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Is America Finally Ready to Listen to Asian Women?

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A group of demonstrators hold signs that say, “Stop Asian Hate” during a vigil and rally in San Francisco’s Chinatown on March 20, 2021. (Beth LaBerge/KQED)

Content warning: This story contains graphic depictions of sexual harassment, racism and violence.

At last, a reckoning with what it’s like to be an Asian American woman has come. It took eight people—six of them Asian women—murdered by a white, male shooter in Atlanta for the rest of America to understand that the hyper-sexualization of Asian American women’s bodies leads to death.

Anti-Asian hate crimes are on the rise.

The organization Stop AAPI Hate counted 3,795 hate incidents from all 50 states and Washington D.C. from March 2020 to February 2021. Verbal harassment make up 68% of them, while physical assault constitutes 11%. Women are 2.3 times more likely to report these kinds of attacks than men. An even more disturbing statistic is that Asian women are the most trafficked group worldwide.

The fetishization of Asian American women is nothing new. The media’s portrayal of Asian women as subservient and/or deviant—in other words, sexual beings created for other people’s erotic fantasies—has clearly been harmful to society at large. Historically, pop culture has only amplified these objectifying stereotypes. From cheap nail salon jokes to full mockery reducing Asian women to their genitalia, Asian American women have been historically used as punchlines.


Prior to writing this article, I tweeted an invitation for Asian American women to tell me their stories of objectification and harassment, and what came after was a deluge of fierce voices, absolutely defying the subservient stereotypes that have been cast over them.

Deep in the flood of stories were common tropes and slurs: “Ling Ling,” “Oriental chick,” “Tiger Lily,” “Little China Doll,” “Geisha,” the “mail-order bride.” A woman wrote that after she moved to San Francisco, she was asked very casually among a group of “friends” if her vagina was as small as her eyes. Another woman from Charleston, South Carolina claimed that somebody suggested she should work at Forever 21 because “they loved Orientals there.”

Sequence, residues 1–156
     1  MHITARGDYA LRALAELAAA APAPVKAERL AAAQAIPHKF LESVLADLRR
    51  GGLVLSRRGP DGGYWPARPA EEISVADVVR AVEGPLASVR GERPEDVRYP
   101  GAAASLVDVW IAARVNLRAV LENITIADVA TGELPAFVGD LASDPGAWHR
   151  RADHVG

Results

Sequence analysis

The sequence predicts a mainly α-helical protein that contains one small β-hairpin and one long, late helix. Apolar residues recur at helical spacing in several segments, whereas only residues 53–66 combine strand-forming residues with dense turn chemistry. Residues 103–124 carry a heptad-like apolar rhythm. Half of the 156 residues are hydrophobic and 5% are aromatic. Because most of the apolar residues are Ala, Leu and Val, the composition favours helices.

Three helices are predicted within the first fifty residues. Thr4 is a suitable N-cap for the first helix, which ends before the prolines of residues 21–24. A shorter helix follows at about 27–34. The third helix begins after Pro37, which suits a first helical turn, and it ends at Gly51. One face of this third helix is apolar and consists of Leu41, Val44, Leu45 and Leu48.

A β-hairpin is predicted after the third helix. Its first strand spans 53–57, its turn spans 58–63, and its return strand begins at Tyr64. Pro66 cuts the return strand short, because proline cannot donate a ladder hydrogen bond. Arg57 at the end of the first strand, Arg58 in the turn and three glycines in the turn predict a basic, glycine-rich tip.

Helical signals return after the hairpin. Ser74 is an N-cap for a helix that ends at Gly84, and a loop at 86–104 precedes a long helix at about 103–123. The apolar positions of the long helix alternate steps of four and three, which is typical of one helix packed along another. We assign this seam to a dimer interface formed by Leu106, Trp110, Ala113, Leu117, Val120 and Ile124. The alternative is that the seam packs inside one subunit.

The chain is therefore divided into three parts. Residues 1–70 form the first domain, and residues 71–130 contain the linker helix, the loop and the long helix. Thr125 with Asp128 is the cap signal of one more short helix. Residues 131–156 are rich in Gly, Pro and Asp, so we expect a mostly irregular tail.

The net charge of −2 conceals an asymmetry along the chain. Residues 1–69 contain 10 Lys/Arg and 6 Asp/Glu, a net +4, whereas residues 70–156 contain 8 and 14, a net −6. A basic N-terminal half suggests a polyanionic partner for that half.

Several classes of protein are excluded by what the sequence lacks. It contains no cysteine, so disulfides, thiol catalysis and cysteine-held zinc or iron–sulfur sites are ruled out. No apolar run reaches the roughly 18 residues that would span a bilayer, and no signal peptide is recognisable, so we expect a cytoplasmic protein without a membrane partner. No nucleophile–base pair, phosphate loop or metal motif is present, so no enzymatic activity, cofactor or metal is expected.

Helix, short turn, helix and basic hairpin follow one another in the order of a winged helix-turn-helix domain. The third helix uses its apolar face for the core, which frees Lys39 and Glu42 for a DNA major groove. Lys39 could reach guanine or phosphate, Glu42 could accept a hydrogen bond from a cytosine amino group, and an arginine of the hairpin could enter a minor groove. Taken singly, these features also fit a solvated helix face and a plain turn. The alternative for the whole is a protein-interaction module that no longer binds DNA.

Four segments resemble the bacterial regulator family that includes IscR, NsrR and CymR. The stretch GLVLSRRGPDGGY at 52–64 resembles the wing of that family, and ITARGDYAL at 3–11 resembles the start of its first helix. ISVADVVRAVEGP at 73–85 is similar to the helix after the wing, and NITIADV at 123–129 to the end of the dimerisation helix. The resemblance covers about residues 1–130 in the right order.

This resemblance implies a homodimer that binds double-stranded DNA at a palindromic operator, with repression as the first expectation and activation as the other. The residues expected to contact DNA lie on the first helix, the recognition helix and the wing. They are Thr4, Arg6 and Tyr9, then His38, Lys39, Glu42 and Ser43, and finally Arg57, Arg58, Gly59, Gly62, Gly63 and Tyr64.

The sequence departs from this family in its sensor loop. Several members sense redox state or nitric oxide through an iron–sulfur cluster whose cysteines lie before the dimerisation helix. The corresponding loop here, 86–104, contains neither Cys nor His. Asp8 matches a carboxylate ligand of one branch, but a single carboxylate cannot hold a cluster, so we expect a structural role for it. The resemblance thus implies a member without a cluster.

Other women shared that they were repeatedly described as “exotic” and subjected to off-the-cuff remarks about Asian women’s genitalia (one woman shared that on a first date she was asked if she was one of those “hairless Asians”). They recalled too many sexually degrading comments to count (“You look like a pornstar I know,” “You’re my first Asian,” “Your body is so tempting,” “Speak Asian to me while we have sex,” “I’d like to eat some Chinese takeout tonight,” “I’d like to catch Yellow Fever”). As a Filipina myself, these damaging insults were so difficult to read.

A demonstrator holds a sign that says, “Protect our Mothers, Fathers, Grandmas, Grandpas” during a vigil and rally in Chinatown in San Francisco on March 20, 2021. (Beth LaBerge)

And then there were stories that were much more atrocious. Stories that hit close to home for me. A stalking incident so horrible the woman still remembers the sound of her stalker’s footsteps. Others described dodging certain neighborhoods and businesses out of fear for their safety. And even in their workplaces, the sexualization followed them.

A woman shared with KQED, “At an office job I had, the CEO accidentally copied me on an email he sent his friends with the subject line ‘Happy Friday.’ Over a dozen photos of naked Asian women in the body of the email. At 20, I didn’t speak up like I should have. I was too scared of losing my job and income, good health insurance, a job that was flexible with my work schedule, was afraid no one would believe me. When my boss came to my cubicle to ‘apologize,’ he told me to delete the email in front of him.”

Another woman recalled meeting an elected official at a professional event. “I stuck my hand out and instead of shaking my hand, he put his arm around me and said to a group of colleagues: ‘Hey, look at me, I’m Woody Allen and I love Asian women.’”